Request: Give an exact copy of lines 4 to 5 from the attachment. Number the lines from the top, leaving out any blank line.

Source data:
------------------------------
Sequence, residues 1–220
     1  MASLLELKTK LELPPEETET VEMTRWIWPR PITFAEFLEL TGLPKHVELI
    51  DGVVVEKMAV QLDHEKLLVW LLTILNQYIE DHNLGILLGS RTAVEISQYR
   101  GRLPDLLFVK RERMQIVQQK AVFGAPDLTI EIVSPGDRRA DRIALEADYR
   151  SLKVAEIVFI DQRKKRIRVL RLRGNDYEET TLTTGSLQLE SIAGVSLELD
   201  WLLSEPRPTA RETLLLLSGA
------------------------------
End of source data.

   101  GRLPDLLFVK RERMQIVQQK AVFGAPDLTI EIVSPGDRRA DRIALEADYR
   151  SLKVAEIVFI DQRKKRIRVL RLRGNDYEET TLTTGSLQLE SIAGVSLELD